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About Omaha daily bee. (Omaha [Neb.]) 187?-1922 | View Entire Issue (Sept. 13, 1898)
(5 THE OMAHA DAILY BEE : TUESDAY , SEPTEMBER 13 , 1898.
THE OMAHA DAI LY BEE
* k. , Udltor.
PUHLISHUD liVUHY MOHNINQ.
THUMB OP SUBSCIUPTION :
Dnlty Hco ( Without Sunday ) , Ones Ycnr.JG i
Dally Hco and Sunday , Ono Year . 8 (
Hlx Months . 4 (
Thrco Months . 21
Sunday lieu , Ono Year . 2 (
S.iturrtay lice. Ono Yo.ir . 1.1
Weekly lice , Ono Year . I
Omaha : The Uco Bulldlnc.
South Omnlia : Slncrr .Block , Corner ]
and Twenty-fourth directs.
Council UlurTH : 10 tv.irl Street.
ChlcoBO Oince : 502 Chamber of Con :
New York ! Temple Court.
Washington : Ml Fourteenth Street.
All communications relutlntf to news nn
editorial matter should bo addressed : T
All business lettcrH and remittance
should ho nildresHcd to The Hoc I'ubllHhln
Company , Omaha. Drafts , checks , cxprep
and imutolllcfl money orders to lie mad
payable to thu order of the company
THU BUU PUBLISHING COMPANY.
STATEMENT OP CIHCUbATION.
State of Nebraska Douglas County , ss :
George 13. Tzschuck , secretary of The De
Publishing company , being duly swori
say.H that the actual number of full an
complete copies of The Dally , Jlornlni
livening and Sunday Uee , printed durln
the month of August , 169 $ , was ns folio wi
2 211,010 18 20,12
3 usr,7i : 19 27,17
4 2y,7IO 20 27,70
5 US , 120 21 US , III
C 2H,0IO 22 2II.S7
7 usoor 3 20,2(1
8 27,7(10 ( 21 20,81
9 US,7.'ll 23 20,12
10 20,7 'l 20 2(1,7:1 ( :
11 20,0:15 : 27 20t : : !
12 UO.O.'O 28 2(1 ( , til
13 T usist : : 2D uwai :
ll usno : 30 20,2S
15 2S.OIO 31 u.-or
Total SOISl (
Less returned nnd unsold copies . . . 1UB2
Net total sales 8l5il :
Not Daily Average 27.621
GEOHQE B. TBSCHUCK.
Sworn to before mo and subscribed I
my presence this 1st day of Septcmbe
1833. N. P. FEIL ,
WUICOMK TO THUS HUB HUIMH.M
Ro tlNltnr to Oniiiliii mill the
c\l > Nltton nlioulit K < > nwuy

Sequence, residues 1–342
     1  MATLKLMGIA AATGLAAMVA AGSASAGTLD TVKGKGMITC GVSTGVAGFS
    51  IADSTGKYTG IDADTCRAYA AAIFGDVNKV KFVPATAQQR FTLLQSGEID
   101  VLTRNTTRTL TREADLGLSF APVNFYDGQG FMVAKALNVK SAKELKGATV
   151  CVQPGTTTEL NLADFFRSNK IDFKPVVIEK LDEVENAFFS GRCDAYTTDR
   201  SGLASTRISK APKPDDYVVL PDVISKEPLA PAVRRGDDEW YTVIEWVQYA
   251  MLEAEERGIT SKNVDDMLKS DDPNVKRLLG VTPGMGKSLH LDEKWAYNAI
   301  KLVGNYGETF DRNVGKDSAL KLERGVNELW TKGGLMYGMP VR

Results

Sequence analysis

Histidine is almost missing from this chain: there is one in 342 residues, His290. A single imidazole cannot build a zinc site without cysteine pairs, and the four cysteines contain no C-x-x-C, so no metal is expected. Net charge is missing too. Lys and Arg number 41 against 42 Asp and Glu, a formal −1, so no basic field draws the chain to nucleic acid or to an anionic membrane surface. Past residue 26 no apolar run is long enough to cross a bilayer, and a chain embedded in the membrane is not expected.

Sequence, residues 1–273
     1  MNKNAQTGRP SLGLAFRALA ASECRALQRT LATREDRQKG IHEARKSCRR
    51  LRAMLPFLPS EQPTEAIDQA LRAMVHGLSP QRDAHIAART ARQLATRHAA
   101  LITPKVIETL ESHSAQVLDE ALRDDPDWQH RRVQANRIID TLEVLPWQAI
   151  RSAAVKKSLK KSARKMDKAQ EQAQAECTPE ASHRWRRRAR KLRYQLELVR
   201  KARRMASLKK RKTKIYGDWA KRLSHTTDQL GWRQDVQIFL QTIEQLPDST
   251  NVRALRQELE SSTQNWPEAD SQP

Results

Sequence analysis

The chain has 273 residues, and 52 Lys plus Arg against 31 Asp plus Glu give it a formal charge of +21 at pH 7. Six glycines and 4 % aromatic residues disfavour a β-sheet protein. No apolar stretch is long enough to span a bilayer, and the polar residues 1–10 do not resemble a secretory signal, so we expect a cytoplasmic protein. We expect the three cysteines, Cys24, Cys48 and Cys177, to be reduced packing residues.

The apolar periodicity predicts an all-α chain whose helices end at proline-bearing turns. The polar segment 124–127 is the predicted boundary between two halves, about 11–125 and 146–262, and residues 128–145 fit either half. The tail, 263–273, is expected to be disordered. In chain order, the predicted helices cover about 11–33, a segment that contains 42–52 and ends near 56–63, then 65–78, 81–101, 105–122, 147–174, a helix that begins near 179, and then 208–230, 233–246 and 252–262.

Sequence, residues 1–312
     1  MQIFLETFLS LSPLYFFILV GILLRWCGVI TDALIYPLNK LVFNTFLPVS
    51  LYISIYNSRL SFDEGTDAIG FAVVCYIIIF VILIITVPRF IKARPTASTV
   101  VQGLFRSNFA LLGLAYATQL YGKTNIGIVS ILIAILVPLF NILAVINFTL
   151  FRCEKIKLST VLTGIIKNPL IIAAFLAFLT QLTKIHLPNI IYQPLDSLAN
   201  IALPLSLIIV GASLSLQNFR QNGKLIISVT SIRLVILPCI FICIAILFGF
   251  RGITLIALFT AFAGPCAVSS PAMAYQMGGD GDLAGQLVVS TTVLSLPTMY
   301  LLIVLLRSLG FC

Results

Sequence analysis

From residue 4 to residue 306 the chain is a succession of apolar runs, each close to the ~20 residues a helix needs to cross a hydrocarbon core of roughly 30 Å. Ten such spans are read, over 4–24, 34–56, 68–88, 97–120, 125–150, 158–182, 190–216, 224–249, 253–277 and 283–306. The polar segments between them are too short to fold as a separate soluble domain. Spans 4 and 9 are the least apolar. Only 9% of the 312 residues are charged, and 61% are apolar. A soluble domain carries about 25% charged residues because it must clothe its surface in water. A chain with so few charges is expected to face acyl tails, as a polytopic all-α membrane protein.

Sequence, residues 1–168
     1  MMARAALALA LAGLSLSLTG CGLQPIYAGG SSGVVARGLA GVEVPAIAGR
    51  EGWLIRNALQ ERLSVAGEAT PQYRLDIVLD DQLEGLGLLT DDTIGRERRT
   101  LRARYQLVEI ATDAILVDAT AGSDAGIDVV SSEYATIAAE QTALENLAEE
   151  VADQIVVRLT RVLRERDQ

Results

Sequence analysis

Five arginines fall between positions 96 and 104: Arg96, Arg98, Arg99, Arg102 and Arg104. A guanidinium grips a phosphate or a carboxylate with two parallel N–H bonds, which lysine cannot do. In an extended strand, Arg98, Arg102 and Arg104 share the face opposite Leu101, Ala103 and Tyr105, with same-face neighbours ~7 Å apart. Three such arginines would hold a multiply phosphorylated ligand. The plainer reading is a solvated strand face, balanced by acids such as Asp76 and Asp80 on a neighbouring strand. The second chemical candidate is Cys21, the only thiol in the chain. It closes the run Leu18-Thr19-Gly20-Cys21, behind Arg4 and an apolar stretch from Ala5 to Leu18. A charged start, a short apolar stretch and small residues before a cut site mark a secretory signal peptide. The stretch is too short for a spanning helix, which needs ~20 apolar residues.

Mltliout iiiNprctlnn : The lire
llltlllllllK , till * llirKCNt I1C1TH-
iniiier ) > ull < llnpr Ii > Anierton ,
nnil TinDec iic niuiiier
liliuit , contM'iltMl to be the
Ilnt'Ht lictwci'ii ClilciiK < > mill
hnn rruiifl.sco. A iMirillnl
IN cxti'iiilcil to nil.
Maine 1ms re-elected Thomas 15. Hec
Hjicaker of the next house of. icpre&cut ;
Omnha Is full of visiting stranger
Omaha's hospitality nuibt be extended
ouo and all.
The Omaha peace jubilee- the 1)1
gest thing In sight and grows bigger !
it approaches nearer.
The Jackboiihiii barbecue slipped
barb , but the touching committee got
Its work jtibt the .same.
Congressman Mill Greene boasts th
ho first spoke of war with Spain on tl
lloor of congiess. Now we know tl
cause of all the soldiers. ' buft'erliigs at
The best thing about , the cnptun
Spanish Hags that have been broug
home by our soldiers Is that no cup tun
United States fiags aie to be seen <
display In Spain.
The teachers have been assigned
the various public bchools where tin
will hold forth for the coming year ai
one more cause of anxiety ami wlr
The exact figures for the Maine elc
tlon may not be known tor a day
two. but the fact that Maine htlc !
Meadfabtly to the republican party h
been known all along.
And soon the Twenty-second Infant
of the regular army will be back
their quarters at Fort Crook with M
ring tales of Santiago and the war w
be fought over again on Nebraska so
Home was not built In a day , nelth
Is a bi'ttboueil army created witho
subjecting the soldiers to the luco
voulenco of camp life and the dangc
of sickness that results from cllmal
If rainy weather were needed to he
the crops , everyone would cheerful
welcome It. Hut the crops are sate , ai
as the rain only Interferes with the e
position attendance , the sooner It
runs : off the more pleased wo will i
Chasing fakes perpetrated by the pc
ocratlc yellow journals Is a tlmnklc
task. That Is why there Is no rush
serve on the commission which the pr <
ident wants to Investigate the condi :
of the War department in the rece
Cowardly assassination of a defeui
loss woman can meet no approval trc
civilized human beings anywhere. T
brutal murderer of the empress
Austria will therefore go to his exc <
tlon without one word of sympathy
applatibo even from the worst monarcl
If the school board were troubl
with surplus financiering Instead
deficit financiering , the proposition
double current expenses for High sclu
work by the erection of two HI
school buildings might bo broached w
homo degree of plausibility. The era
a school board surplus , however , see